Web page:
The person will spend an increasing amount of time sitting down, therefore the seating should be considered carefully. It is important the seat provides sufficient support so the patient can sit upright, is comfortable and in a functional position. The chair should not provide too much support otherwise the patient will rely on the contours of the chair to remain upright and not use the trunk stabilising muscles. Poor postural habits for long periods of time will result in negative soft tissue changes occurring (two common occurrences are shortening of hamstrings or the feet not resting flat on the floor and turning inwards). The person should be able to support his or her own body in the chair. Rounded shoulders and slouching will impair chest expansion and therefore lung functioning. It is important the seat provides some support but still ensures the patients are utilising their postural stability muscles in the trunk. The person's trunk stabilising muscles will benefit from a daily period of unsupported seating.

Transfer practice should be ongoing. People with HD have decreased awareness of their body position, decreased spatial awareness and are often impulsive. This can result in rather precarious transfers. Practicing completing safe transfers should be extended from the physiotherapy session into the daily routine with particular emphasis on slowing them down!

People with HD cardiovascular fitness will inevitably decline during this stage; activity should continue to be encouraged as much as possible but always ensuring the patient is safe.

Hand exercises should continue to help maintain fine motor coordination. Many people have great difficulty with fine hand movements in the middle and later stages, this can be particularly problematic to those who smoke and can be distressing for both patients and carers alike. Burns can then become an issue.

Exercises to activate the small muscles in the feet should form part of the treatment plan, as these are essential in maintaining balance.

Later stages
In the later stages the person may become dependent on a wheel chair and posture and seating becomes the main focus of physiotherapy input. A daily posture plan should be developed; this should involve the person, carers, nursing staff; speech and language therapist (SALT) and occupational therapy staff (OT). The emphasis should be on comfort, maximising functional ability and to minimise secondary complications such as muscle contractures, pressure sores, chest infections etc. It is a good idea to develop simple photographic illustrations of the different postures a patient may adopt in the day. Feedback from the person, family and carers and the people who know the patient best is essential. Specialist wheelchairs will be required as people with HD have great difficulty fitting into standard prototype wheel chairs. Sleeping posture needs to be considered but is often forgotten. The person with HD will spend an increasingly large amount of time in bed; poor postural habits are often acquired in the bed undoing the good postural work achieved in the daytime.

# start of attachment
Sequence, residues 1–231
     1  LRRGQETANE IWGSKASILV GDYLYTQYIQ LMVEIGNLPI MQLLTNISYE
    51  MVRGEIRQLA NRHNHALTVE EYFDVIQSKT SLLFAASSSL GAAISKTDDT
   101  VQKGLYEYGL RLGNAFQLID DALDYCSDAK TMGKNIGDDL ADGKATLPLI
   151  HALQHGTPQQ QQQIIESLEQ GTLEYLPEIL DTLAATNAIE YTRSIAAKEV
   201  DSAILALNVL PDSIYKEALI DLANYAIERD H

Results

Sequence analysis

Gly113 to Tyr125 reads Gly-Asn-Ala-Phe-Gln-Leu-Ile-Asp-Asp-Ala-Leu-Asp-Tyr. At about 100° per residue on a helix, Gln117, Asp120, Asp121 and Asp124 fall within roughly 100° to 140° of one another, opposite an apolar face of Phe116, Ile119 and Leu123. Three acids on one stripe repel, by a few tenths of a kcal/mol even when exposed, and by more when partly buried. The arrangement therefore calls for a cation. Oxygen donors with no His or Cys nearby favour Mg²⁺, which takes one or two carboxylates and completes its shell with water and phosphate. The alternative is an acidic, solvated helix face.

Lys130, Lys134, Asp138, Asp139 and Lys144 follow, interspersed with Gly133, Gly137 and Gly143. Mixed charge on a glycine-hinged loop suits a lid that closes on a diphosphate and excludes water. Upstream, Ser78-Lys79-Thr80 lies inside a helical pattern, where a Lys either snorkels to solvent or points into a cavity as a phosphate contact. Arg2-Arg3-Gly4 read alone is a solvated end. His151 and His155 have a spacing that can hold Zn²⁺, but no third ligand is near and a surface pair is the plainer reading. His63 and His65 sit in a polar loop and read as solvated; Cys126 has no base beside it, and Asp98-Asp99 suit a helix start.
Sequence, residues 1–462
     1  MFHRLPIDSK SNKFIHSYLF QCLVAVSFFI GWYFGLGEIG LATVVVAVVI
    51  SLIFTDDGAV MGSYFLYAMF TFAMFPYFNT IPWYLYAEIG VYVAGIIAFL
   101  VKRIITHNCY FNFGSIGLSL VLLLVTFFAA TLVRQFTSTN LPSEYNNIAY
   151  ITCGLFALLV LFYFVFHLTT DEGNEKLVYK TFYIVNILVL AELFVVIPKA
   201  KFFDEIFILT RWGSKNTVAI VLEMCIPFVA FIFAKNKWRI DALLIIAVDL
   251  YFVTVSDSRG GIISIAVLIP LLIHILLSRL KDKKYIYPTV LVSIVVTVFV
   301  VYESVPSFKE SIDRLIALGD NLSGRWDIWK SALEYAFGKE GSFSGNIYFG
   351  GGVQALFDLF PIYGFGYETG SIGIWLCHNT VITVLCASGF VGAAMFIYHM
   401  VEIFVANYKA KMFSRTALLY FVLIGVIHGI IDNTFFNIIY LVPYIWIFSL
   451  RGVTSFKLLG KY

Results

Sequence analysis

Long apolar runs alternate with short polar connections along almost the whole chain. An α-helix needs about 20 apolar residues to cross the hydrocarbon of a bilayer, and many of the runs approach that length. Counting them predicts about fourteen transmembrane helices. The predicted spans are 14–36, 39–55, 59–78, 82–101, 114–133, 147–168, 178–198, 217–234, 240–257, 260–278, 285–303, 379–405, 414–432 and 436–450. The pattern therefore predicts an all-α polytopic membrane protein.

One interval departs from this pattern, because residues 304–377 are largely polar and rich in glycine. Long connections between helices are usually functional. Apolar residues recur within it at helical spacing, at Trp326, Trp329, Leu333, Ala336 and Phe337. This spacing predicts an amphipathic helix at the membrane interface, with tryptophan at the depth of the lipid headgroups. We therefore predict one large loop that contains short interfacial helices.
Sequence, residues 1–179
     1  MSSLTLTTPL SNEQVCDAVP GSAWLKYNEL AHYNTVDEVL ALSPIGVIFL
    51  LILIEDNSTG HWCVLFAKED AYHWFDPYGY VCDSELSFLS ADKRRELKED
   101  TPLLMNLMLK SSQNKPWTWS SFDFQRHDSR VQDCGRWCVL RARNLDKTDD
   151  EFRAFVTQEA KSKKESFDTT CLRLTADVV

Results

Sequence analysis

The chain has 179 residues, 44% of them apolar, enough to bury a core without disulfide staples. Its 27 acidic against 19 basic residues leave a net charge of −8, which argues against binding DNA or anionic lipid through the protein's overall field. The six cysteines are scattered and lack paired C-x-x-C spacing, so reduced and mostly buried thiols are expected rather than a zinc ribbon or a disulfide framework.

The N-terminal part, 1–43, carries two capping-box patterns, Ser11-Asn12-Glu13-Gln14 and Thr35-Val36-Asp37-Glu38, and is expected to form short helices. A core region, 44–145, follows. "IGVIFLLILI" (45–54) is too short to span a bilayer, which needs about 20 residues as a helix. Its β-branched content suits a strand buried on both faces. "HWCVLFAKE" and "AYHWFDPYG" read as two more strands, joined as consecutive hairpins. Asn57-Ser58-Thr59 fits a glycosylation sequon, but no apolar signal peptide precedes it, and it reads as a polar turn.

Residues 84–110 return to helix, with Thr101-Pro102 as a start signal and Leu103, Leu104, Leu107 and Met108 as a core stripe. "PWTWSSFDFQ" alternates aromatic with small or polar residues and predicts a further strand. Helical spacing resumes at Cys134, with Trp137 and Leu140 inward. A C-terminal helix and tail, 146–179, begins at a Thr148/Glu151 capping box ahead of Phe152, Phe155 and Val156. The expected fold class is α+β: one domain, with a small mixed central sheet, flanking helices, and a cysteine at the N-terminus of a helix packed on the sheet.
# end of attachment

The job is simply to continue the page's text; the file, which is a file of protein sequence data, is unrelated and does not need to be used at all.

Any contractions that may have developed should be stretched regularly to try and reverse this and prevent further development. Muscle contractions can become painful and make personal hygiene tasks become difficult. The physiotherapist can help with muscle rigidity commonly experienced in the later stages.

Hydrotherapy is a good tool to help the patients muscles relax so that more effective stretching may then take place. Standing and walking practice can take place in the pool when the support provided by the buoyancy of the water makes this easier.

For those people still able to weight bear safely independent or assisted wheelchair transfers should be continued, this can provide an important feeling of some independence. If the person is able to stand with staff they should do so regularly throughout the day, this will help maintain muscle strength, muscle length, bone density, assist with bladder and bowel functioning and decrease the risk of pressure sores. If the person is able to only partially weight bear then standing can take place in a standing frame or walking hoist.

In the later stages the physiotherapist will have an increasingly important role in monitoring the chest status as the person with HD may become more susceptible to chest infections. The physiotherapist should be working closely with the SALT to develop ideal posture at meal times to minimise the risk of choking and aspiration of the fluid into the lungs and ultimately chest infections. The physiotherapist can monitor chest status whilst the SALT can consider the swallowing.

Conclusion
People with HD will experience many physical changes; a physiotherapist is an essential member of the MDT to help manage this aspect of the triad of symptoms. Specialised physiotherapy input is essential at each stage of the disease as it can help to maintain optimum physical function and minimise the complications during the progression of the disease.

Brendon Stubbs MCSP
Senior physiotherapist, St Andrews Healthcare

Acknowledgement: Newsletter - June 2007 - Huntington's Disease Association, UK